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On Blog Consulting

Someone asked me a while back what I offer as a blog consultant or how I charge for it. I had a bit of a struggle defining that role but basically I told him that I provide technical assistance to those who want to have their own blog and that includes (but is not limited) to domain registration, hosting, setting up the blog, theming/customization, optimization, and even marketing.

Fees vary from one-time payments to fixed monthly/yearly or on special cases on an hourly basis (especially when my physical presence is required).


With blog monetization however, it’s a little bit different. It’s more like SEO — performance based. When I broker for bloggers in finding direct advertisers for them, I get a cut or a percentage. This is usually in the range of 10 to 30% depending on the blog’s profile/traffic. Hence, I only get paid if they get paid. If I couldn’t find them advertisers, then it’s sorry for the both of us.

The same is true in the area of blog monetization by way of optimizing Adsense on their blogs. Say for example, an existing blog only earns an average of $50 per month. I implement the optimization and a month later, if the revenue shoots up to $100, I get a percentage of the increase (i.e. 30% of $100 – $50). If after the optimization, the blog earns almost the same amount as the previous month, then I don’t get my cut. Sounds simple and fair. It’s actually in the blogger’s advantage as there’s no upfront cost to talk about. (Of course, my percentage ends on either the 6th month or sometime later, depending on the additional services that were delivered. I have asked people around and this seems to be the standard.)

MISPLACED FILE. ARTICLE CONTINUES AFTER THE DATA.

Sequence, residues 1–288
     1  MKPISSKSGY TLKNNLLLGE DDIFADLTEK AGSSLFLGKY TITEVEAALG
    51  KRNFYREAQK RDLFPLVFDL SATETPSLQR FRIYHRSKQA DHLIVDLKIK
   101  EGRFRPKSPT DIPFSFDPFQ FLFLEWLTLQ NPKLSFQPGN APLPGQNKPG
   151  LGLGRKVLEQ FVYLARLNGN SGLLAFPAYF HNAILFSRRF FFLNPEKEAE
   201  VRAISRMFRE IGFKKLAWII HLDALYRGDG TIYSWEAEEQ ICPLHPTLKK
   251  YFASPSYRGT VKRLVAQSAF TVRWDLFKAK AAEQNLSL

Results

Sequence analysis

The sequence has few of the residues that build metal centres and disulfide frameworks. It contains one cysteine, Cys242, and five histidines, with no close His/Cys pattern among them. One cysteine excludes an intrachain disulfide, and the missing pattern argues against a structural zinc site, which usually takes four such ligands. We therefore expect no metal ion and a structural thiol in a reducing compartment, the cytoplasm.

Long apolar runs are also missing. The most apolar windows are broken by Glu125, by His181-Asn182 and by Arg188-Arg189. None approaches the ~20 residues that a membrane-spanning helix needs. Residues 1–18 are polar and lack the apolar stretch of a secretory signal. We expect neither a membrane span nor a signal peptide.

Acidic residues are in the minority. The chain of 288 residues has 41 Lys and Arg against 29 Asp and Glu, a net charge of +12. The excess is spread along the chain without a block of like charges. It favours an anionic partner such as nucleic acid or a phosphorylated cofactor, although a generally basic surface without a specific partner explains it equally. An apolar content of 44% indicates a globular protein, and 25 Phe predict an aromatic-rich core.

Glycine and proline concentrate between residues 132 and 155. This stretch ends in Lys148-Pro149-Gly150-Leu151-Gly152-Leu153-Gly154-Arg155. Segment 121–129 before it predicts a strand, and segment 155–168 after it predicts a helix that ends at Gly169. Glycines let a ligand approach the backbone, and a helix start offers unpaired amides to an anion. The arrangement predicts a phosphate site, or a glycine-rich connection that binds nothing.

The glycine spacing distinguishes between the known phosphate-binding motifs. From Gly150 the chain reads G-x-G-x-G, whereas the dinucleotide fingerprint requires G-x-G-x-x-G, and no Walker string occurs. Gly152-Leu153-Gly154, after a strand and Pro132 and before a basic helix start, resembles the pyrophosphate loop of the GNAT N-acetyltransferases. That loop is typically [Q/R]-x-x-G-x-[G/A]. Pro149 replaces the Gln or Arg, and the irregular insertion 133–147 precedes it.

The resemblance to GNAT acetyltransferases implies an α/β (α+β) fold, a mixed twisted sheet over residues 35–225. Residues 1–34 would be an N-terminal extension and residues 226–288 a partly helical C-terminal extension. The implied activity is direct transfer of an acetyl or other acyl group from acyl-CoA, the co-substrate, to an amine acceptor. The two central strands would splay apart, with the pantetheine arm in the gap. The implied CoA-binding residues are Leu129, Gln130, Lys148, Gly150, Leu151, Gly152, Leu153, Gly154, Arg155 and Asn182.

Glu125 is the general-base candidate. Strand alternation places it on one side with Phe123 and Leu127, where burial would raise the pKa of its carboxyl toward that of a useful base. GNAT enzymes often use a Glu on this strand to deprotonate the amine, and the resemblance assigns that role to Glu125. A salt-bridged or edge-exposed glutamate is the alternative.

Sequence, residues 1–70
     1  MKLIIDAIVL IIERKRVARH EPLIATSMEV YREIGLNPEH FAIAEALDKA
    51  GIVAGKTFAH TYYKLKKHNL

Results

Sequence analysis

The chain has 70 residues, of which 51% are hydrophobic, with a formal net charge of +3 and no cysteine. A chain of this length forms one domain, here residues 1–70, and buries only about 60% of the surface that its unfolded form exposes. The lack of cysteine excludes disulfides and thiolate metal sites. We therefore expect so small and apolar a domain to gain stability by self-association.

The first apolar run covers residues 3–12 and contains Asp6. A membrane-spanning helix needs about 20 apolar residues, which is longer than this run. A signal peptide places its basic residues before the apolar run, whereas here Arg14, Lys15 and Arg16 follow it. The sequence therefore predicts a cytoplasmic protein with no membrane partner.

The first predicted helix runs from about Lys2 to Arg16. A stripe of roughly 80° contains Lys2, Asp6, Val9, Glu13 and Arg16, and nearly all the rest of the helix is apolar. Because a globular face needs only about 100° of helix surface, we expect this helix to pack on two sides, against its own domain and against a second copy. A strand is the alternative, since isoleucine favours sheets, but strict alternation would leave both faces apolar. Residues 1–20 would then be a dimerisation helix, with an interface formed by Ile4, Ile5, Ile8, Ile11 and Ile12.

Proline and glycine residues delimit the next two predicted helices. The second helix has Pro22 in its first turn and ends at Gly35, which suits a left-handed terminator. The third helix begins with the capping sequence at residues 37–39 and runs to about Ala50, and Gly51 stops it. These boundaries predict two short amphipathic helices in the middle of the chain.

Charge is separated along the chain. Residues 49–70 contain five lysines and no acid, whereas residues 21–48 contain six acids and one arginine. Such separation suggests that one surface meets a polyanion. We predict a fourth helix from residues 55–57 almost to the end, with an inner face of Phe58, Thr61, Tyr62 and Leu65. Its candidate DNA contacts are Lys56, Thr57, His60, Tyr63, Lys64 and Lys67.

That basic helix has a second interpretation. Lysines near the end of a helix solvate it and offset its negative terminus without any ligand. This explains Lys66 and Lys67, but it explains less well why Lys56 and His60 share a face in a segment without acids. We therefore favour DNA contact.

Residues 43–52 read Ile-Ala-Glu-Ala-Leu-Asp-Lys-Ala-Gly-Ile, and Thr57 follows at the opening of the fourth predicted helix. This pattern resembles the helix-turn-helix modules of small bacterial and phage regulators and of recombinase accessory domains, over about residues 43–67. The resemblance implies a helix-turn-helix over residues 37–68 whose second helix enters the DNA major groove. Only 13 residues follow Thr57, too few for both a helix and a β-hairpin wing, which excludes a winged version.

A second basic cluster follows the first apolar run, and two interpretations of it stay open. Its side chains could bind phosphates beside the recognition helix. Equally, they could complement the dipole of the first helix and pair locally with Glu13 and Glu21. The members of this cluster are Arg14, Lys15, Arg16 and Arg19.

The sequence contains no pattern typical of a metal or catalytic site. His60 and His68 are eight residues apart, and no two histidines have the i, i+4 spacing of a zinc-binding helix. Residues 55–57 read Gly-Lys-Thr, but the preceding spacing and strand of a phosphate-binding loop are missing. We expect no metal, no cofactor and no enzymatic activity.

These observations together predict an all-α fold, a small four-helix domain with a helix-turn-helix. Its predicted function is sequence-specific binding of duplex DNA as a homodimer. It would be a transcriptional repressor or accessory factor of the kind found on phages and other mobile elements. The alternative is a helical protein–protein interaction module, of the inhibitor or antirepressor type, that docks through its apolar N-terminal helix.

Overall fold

This scheme is not exactly unique as some people in the legal practice also do the same (i.e. they only get legal fees if they win a case). With the performance-based scheme, both parties agree on a fair and equitable arrangement.

Abe is the founder and Editor-in-Chief of YugaTech. You Can follow him on Twitter @abeolandres.

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2 Responses

  1. kates says:

    So, business is good in blog consultancy. Yeah, some people really need a consultant to do their blog or else they’ll take 6 months to one year before they’ll find a suitable niche and a good revenue stream for their blog. Learned it the hard way.

  2. Hi,
    You’ve got some interesting thoughts there, especially your points about performance-based fees. I have actually put together a fairly lengthy article about consulting fee rates. But I should note that the article simply goes over some models. It’s important to be careful not to say “this is what you charge” or “this is the going rate” because you could end up in hot water over price fixing.

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